In Norway, girls are much better at reading than boys. But girls and boys perform equally well when using a new teaching method.
The Norwegian government has proposed opening an area of the continental shelf to deep sea mining. NTNU researchers have worked for more than a decade on this issue. They say we have much to learn before Norway can decide if this can become a viable industry.
We were through the roof with excitement when the first ship rivet was found, says archaeologist Geir Grønnesby at the NTNU University Museum
Do we discriminate against people with foreign-sounding names? A clever experiment with fictional girls who wanted to play football yields some answers that might surprise you.
Hundreds of thousands of pilgrims make use of Europe’s many pilgrimage walks every year. However, travellers tend to visit only a few of the attractions along the routes. The EU project “rurAllure” aims to attract travellers to lesser-known sites of interest.
Online abuse of children has increased considerably in recent years. Technological advances and inadequate legal regulation are driving this development, according to a new Norwegian report.
Municipalities were given more responsibility for specialist health services in 2012. The changes appear to have resulted in better healthcare for the elderly.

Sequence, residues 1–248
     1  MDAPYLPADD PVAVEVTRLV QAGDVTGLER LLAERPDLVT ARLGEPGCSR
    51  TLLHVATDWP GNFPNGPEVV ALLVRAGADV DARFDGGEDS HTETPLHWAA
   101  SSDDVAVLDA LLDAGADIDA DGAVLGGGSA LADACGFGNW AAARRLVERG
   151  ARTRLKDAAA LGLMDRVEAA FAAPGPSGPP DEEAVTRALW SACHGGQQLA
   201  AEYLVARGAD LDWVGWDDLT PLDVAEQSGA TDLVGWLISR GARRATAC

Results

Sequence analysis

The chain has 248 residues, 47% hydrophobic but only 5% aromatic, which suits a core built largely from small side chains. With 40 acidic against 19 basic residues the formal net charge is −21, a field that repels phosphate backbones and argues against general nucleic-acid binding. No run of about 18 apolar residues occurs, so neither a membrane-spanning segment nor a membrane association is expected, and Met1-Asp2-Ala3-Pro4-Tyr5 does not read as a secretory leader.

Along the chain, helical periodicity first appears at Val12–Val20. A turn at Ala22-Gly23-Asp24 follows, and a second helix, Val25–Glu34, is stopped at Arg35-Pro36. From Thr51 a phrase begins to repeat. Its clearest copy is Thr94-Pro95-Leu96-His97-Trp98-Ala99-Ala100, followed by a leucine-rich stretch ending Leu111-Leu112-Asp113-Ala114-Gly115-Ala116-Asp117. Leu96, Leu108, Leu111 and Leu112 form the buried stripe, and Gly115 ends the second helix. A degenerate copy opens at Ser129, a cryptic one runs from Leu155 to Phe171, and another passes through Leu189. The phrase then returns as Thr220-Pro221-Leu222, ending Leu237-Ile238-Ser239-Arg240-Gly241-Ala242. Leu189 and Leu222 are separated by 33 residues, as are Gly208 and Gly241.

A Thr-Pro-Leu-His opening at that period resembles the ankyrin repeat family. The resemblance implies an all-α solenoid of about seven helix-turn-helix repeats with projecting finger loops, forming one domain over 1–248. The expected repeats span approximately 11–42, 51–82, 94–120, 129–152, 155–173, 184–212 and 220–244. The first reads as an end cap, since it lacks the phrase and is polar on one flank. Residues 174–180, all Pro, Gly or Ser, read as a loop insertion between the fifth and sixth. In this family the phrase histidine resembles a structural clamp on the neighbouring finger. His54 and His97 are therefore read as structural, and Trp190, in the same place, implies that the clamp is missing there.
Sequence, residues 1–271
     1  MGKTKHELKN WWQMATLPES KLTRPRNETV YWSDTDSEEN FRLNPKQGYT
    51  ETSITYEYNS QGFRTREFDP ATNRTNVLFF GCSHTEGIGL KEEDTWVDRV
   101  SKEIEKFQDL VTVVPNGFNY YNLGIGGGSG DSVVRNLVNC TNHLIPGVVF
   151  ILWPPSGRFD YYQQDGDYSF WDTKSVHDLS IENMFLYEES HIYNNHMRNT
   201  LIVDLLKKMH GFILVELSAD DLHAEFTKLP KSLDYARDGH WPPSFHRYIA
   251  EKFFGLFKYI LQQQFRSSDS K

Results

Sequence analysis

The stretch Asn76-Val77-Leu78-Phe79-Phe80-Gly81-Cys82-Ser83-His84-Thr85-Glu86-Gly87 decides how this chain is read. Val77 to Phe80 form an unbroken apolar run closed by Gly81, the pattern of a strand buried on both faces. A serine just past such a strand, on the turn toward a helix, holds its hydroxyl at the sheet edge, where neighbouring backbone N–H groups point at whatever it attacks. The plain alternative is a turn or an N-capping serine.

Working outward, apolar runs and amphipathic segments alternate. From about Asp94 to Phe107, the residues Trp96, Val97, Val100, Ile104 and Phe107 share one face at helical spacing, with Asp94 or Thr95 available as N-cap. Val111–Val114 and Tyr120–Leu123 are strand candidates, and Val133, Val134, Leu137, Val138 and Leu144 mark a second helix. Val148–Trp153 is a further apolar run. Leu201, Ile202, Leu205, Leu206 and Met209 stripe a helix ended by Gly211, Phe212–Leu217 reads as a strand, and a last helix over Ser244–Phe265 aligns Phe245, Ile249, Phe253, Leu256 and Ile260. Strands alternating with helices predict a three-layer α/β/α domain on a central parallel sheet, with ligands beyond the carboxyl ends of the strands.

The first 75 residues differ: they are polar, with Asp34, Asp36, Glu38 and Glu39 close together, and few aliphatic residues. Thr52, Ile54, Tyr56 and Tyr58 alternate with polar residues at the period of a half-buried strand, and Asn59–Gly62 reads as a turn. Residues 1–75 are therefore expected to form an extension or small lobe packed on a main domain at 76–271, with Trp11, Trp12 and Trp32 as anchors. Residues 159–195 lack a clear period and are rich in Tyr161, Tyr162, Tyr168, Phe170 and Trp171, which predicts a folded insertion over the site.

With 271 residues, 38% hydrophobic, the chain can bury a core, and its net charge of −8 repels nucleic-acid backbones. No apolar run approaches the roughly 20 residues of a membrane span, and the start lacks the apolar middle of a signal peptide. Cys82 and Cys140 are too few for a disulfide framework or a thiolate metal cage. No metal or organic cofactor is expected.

The fact that our immune systems capture and destroy nanoparticles and the drugs they carry has been a problem in the field of nanomedicine for some time. But, in the fight against cancer, researchers are now attempting to exploit this problem to their advantage.
Researchers at NTNU have found a way to make gold nanoparticles with a uniform size and shape, opening up the possibility of finding more effective photocatalysts
Teachers now face the extra challenge of designing exams that will prevent students from cheating their way to good grades with ChatGPT.
Assigning marks in Grade 7 can have negative effects. A new study shows that the practice can affect pupils’ academic performance and how they experience the transition to secondary school.
A new study provides the most detailed dataset yet on the biodiversity footprint of food. The results can lead to more sustainable diets.
The discovery of what may be Mjøsa’s oldest known shipwreck to date drew international attention just before last Christmas. The researchers have now secured a video of “Storfjorden I.”
Approximately 47 000 different species have been identified in Norway – and there are probably many more. A new tool can help us gain a better overview.
Fossil fuel vehicles gulp down petrol, and electric cars gobble up minerals. The battery industry is so ravenous for lithium as a raw material that researchers believe the demand could threaten climate goals.
It’s not true that women are subjected to sexual double standards, researchers say. Most people tend to be more liberal than they think other people are. But not all behaviour is OK.
The plant is called common ragweed, and if you are allergic to pollen, you should probably pay extra close attention. This is one of the invasive plants that supergenes have brought to Norway.
Medieval times may seem dusty and distant, but we are surrounded by the Middle Ages in many different ways in our daily lives.
Electric cars are a growing market, and so are the large batteries they use. Often these batteries are difficult to recycle. But help is on its way.
Managing hydropower production is complicated. Artificial intelligence can help ensure that we don’t run out of power.
Security holes in our smart devices are difficult to detect. Is it possible to automate the search for vulnerabilities? Researchers at NTNU in Gjøvik are on the case.